Lake Eyre National Park
Come and experience the stark wildness and timeless landscape of Australia's largest salt lake at Lake Eyre National Park.
Covering an area 144km long and 77km wide, Lake Eyre is an extensive salt sink which derives its mineralisation from the evaporation of floodwaters over thousands of years. Water from its three-state catchment area covers the lake about once every eight years. The lake has only filled to capacity three times in the last 150 years.
Seasonal rainfalls attract waterbirds such as Australian pelicans, silver gulls, red-necked avocets, banded stilts and gull-billed terns. When the lake floods it becomes a breeding site for enormous numbers of waterbirds, especially species that appear to be tolerant of salinity.
The best way to see Lake Eyre and take in its vastness is from the air. Scheduled scenic flights provide spectacular views across the park and showcase the seasonal wildlife.
Lake Eyre National Park is located 60km east of William Creek. Access is via the Oodnadatta Track, or the Halligan Bay or Level Post Bay Public Access Routes.
Open 24 hours a day, 7 days a week.
Desert Parks Hotline - 1800 816 078
DEWNR Port Augusta office - Phone: (+61 8) 8648 5300
Transport SA Road Report Hotline - 1300 361 033
Wildlife of the Desert Parks (419kb pdf)
Access may be restricted due to local road conditions.
Please refer to the latest Desert Parks Bulletin (65kb pdf) for current access and road condition information.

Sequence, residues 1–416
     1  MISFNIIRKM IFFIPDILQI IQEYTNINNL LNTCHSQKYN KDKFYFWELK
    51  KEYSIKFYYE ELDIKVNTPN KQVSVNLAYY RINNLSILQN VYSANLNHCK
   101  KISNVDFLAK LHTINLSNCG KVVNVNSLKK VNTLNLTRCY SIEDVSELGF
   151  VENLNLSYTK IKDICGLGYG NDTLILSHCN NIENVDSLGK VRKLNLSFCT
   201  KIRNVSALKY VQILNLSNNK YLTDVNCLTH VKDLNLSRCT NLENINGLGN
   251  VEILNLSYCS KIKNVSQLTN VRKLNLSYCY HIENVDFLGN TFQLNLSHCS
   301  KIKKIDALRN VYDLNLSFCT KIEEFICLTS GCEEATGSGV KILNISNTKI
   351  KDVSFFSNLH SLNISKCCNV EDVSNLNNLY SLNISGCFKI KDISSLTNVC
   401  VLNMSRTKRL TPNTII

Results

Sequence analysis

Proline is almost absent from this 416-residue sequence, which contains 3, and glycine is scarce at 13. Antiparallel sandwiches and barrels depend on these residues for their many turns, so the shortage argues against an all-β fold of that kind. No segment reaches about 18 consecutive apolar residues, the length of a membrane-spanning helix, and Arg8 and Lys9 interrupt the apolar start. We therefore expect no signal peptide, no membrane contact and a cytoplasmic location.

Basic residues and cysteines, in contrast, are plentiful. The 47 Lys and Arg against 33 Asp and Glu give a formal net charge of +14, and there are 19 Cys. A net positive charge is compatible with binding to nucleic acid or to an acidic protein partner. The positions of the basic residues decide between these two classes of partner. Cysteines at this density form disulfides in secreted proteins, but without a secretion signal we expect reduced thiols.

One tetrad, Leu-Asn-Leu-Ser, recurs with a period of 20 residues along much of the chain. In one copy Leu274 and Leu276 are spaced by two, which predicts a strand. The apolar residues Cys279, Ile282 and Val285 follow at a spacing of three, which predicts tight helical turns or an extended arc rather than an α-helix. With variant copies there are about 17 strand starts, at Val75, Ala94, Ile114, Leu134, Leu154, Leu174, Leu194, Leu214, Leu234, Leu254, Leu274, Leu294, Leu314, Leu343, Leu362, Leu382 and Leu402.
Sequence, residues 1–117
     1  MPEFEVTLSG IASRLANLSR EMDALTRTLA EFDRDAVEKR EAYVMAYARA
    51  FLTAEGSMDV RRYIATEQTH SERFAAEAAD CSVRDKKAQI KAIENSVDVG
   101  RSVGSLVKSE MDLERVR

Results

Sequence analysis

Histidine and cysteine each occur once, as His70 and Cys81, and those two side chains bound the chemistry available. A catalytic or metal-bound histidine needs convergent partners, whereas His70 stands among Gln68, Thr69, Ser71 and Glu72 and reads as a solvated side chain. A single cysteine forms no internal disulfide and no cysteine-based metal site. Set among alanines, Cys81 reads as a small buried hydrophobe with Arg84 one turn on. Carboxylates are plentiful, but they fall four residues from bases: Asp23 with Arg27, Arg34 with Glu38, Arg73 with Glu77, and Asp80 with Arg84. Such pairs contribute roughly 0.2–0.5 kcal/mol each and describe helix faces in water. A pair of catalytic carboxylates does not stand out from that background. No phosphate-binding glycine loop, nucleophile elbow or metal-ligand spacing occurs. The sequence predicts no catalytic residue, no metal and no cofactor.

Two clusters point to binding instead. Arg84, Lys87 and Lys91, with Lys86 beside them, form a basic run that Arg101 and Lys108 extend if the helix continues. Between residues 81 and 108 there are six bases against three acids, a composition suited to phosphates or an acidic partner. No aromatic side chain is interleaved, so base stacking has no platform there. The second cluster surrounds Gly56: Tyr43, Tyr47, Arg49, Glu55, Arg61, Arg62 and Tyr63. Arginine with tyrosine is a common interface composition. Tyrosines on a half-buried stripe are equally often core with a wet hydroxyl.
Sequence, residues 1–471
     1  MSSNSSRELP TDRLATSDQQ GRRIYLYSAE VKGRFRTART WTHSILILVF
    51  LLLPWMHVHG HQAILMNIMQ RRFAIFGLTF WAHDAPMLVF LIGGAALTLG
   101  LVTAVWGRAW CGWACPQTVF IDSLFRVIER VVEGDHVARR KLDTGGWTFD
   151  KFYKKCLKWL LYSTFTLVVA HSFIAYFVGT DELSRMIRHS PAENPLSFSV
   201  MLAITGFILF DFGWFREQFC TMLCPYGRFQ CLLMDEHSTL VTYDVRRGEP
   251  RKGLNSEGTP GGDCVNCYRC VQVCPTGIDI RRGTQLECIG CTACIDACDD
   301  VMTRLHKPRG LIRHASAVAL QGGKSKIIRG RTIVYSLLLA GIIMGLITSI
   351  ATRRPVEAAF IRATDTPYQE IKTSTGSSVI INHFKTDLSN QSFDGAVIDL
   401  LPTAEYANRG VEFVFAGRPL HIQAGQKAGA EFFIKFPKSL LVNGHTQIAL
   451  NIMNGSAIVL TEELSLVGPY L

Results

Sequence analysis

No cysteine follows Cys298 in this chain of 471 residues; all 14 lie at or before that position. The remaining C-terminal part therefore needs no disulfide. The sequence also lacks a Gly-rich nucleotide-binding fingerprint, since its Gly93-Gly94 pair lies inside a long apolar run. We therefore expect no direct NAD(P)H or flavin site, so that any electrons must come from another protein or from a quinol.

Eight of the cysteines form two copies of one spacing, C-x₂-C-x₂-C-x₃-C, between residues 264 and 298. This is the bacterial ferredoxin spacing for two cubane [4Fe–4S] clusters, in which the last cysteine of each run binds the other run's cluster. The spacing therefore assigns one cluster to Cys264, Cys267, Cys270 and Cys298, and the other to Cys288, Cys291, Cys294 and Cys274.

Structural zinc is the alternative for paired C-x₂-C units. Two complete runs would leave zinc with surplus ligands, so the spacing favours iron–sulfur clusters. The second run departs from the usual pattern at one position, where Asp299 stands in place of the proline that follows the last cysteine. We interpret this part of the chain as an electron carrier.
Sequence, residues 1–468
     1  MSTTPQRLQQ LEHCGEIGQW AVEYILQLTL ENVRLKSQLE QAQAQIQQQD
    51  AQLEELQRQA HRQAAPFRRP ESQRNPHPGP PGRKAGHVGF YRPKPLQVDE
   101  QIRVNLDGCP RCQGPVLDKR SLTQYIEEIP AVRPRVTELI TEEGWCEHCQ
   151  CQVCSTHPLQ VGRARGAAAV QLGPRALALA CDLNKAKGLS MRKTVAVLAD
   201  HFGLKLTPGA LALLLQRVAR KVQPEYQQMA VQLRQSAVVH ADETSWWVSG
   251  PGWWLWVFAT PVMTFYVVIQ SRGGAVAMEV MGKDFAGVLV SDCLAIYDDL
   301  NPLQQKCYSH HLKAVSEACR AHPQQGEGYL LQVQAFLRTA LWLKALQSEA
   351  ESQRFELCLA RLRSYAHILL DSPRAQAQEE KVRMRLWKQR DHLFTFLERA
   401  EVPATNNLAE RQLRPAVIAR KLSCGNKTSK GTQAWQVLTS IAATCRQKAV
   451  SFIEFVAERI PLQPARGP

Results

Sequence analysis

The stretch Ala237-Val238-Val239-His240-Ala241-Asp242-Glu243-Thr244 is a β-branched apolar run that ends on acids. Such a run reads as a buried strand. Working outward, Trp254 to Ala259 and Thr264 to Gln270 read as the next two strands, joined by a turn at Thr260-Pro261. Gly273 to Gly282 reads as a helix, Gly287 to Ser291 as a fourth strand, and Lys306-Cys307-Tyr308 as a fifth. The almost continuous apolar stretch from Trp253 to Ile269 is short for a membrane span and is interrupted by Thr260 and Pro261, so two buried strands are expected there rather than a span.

Ensure your vehicle is roadworthy and that you are carrying appropriate spare parts - including a strong jack, and if possible two spare wheels. Carry adequate supplies of fuel, food and water in case you get stranded. Carry appropriate communications such as a satellite phone, EPIRB and UHF radio. Notify a responsible person of your travel plans including arrival times and dates - contact them when you arrive at each notified stopover. If you break down do not leave your vehicle.
This park may be closed on days of extreme fire danger.
Wood fires are not permitted. Gas fires are permitted other than on days of Total Fire Ban.
Written permission is required from DEWNR for boating on Lake Eyre. An entry permit or Desert Parks Pass does not allow boating on Lake Eyre.
Any applications for permission to use the lake for boating will be assessed against safety, land access, and cultural heritage issues. Lake Eyre is culturally sensitive to the Arabunna people, and the cultural heritage issues that relate to recreational activities such as boating are currently being worked through.
Although the Arabunna prefer that no-one walks on the lake because of their spiritual beliefs, walking on the lake's edge is permitted providing no damage to the local environment occurs.
Lake Eyre National Park brochure (1.24mb pdf)
Parks Guide - Flinders Ranges and Outback (1.41mb pdf)
Remote Area Travel Information brochure (2.12mb pdf)